When she looked in the mirror, Molly could almost fool herself into thinking that she was something elegant and classy – right up to the point when she tripped on Toby's tail when she turned too quickly from her reflection. It was only by some stroke of luck that she narrowly avoided taking a rather unflattering spill. As it was, the poor cat hissed out his displeasure at her, and when she picked him up to sooth him - "I'm so sorry! Mummy is such a klutz sometimes" being chanted the whole time - she got cat hair on her dress.
The five minutes she spent fixing herself up ended up making her five minutes late, but that didn't matter too terribly when she arrived to see Jim already on the phone. He stood to continue his call away from her – something important from the way his brows knit and his mouth smirked (his 'mastermind face' as she had come to call it). When he completely excused himself, she didn't mind too terribly. The menu of the restaurant was completely in French – which she had not spoken in years, and only knew at a remedial level, anyway. And so she used the time to remember her accents and her pronunciations so that she didn't make a fool of herself in front of Renaud, their waiter.
On second thought . . . Maybe she would just let Jim order for her . . . His French was near flawless, and Renaud the snobby waiter dotted on him.
While waiting, she tapped a bored finger against her third fork, enjoying the sound the fine silver made against her polished nail. The movement caught on the hushed light from the chandelier above, making patterns that reflected in her wine glass. Around her, the restaurant was all old world grace and new world elegance; the combination of the glass balcony over the cream and earthen toned first floor was a striking contrast against the backdrop of the stories tall windows, and the heavy and dark draperies that adorned them. She liked to think that she blended well with the shadows thrown by the moonlight, and the haunted tones of the candles on the tables.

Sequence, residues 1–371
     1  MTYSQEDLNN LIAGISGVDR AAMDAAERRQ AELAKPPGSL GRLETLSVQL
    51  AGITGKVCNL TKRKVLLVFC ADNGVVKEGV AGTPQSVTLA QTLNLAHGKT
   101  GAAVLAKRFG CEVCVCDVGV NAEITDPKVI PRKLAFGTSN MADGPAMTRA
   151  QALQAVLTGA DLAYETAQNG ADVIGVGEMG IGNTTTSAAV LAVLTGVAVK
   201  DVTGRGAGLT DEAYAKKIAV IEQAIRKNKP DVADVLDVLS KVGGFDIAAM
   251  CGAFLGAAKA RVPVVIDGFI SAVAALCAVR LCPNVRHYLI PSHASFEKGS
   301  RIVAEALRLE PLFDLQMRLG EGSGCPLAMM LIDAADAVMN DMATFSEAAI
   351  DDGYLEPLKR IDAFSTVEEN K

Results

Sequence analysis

The dish of her soup spoon was very polished, and caught the light better than her fork. She moved it back and forth like a child, amused with the patterns of light she could create upon the table cloth.
Until she heard:
She froze at the sound of the voice addressing her.
She knew that voice.
And it was not a voice that she wanted to hear.
Her hand on her spoon slipped in her surprise, and much to her mortification she catapulted the poor and defenseless piece of silverware onto the floor – right before kicking it under the table when she turned too sharply to see the pair of men who had caught sight of her.
Oh, bloody hell . . .
She rolled her eyes at herself, and while she muttered under her breath, she tried to glance elegantly down at the floor to see if she could retrieve the spoon. This was not the dress to go searching on the floor for silverware with. Minus her proclivity for tearing and smearing, this dress was all to open to give a show if she didn't stay carefully upright. It did wonders for her posture, this self awareness – and, dear god, why did her mind always ramble when she was in situations like these?
"Molly Hooper, it is you," the voice said again. And this time it was closer. Like at her table close.
"Sherlock Holmes," she exclaimed in a falsely bright voice. "And Doctor Watson . . . Fancy seeing you here."
"Indeed," the Detective said, casting a critical glance over her – like she was an ant underneath his magnify glass. At his side, John was smiling politely past the strained look in his eyes – obviously, he knew when it was proper to greet old acquaintances, and when it was better to move on. "It is quite a surprise."